Common Wheel

Common Wheel is a mental health charity who aim to reduce isolation, develop skills, improve mental wellbeing, and challenge stigma. Their values are Care, Positivity, Equality and Partnership. Mental illness and associated stigma may lead to loss of employment, poverty, and withdrawal from society. Conversely, unemployment and poverty are likely to exacerbate mental illness. Common Wheel aims to break this cycle.

Multi-story is a collaboration between Common Wheel and the Gartnavel Royal community. The aims are to inspire, encourage, and enable access to cultural connection and creative expression through reading and writing. Common Wheel believe this shouldn’t stop just because you are in hospital.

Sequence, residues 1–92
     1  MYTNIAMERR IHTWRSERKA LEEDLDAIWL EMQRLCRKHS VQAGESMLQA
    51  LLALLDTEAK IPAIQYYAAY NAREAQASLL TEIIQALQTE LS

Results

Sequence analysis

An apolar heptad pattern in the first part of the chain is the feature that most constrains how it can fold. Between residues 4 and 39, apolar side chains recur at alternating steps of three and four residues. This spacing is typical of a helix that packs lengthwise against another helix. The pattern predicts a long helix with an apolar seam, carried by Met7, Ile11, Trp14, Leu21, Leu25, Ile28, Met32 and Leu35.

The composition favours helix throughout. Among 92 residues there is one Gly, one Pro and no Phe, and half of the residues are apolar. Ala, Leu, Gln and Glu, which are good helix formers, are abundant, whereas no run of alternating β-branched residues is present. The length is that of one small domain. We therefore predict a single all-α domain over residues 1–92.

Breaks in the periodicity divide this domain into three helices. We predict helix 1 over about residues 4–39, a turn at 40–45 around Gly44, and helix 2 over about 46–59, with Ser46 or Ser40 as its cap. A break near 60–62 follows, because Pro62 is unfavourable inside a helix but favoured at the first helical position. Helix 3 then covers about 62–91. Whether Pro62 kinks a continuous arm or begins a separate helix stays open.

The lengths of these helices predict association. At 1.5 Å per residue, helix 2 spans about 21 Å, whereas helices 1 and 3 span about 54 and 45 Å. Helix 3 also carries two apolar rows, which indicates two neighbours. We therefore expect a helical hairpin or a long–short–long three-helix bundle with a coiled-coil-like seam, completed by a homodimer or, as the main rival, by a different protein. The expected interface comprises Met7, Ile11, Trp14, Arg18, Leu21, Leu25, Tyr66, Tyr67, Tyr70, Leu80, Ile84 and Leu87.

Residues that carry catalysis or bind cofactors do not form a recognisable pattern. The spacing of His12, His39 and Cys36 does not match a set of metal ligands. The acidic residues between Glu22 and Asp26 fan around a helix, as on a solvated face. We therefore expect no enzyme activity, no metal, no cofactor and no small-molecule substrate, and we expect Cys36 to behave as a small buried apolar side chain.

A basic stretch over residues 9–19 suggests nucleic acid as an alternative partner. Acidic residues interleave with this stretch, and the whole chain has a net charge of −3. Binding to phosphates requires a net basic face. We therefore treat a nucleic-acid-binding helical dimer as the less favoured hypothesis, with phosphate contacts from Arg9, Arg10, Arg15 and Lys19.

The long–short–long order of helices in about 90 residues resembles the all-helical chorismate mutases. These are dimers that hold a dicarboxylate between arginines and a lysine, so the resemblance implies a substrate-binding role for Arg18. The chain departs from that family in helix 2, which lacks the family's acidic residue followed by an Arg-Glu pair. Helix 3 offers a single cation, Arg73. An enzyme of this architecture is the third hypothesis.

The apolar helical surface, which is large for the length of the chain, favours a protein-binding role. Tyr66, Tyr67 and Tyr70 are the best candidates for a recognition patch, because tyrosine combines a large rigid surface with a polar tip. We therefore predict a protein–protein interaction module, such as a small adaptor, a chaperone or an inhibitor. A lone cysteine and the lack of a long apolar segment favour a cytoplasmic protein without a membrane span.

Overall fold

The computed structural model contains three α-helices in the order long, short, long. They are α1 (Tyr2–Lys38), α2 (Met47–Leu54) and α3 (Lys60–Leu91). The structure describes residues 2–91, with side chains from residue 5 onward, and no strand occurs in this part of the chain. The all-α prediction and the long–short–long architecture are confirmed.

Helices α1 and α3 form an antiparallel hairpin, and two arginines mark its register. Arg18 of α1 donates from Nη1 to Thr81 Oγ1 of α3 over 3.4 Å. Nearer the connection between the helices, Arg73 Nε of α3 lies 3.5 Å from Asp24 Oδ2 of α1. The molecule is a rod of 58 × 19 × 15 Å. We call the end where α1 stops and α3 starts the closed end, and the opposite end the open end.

This project has accessibility, flexibility, and collaboration at its heart. It is intended for patients, staff, friends, family, and visitors to Gartnavel Royal Hospital. The project provides resources for individuals to use on their own terms, some of which have been produced by former patients or people managing mental illness in the community. The project writer provides advice for staff supporting patients to engage with the pack or works with individuals on their own creative writing. Common Wheel are currently working on access to a library membership for e-materials for all patients and a series of authors talks.

Lived experience examples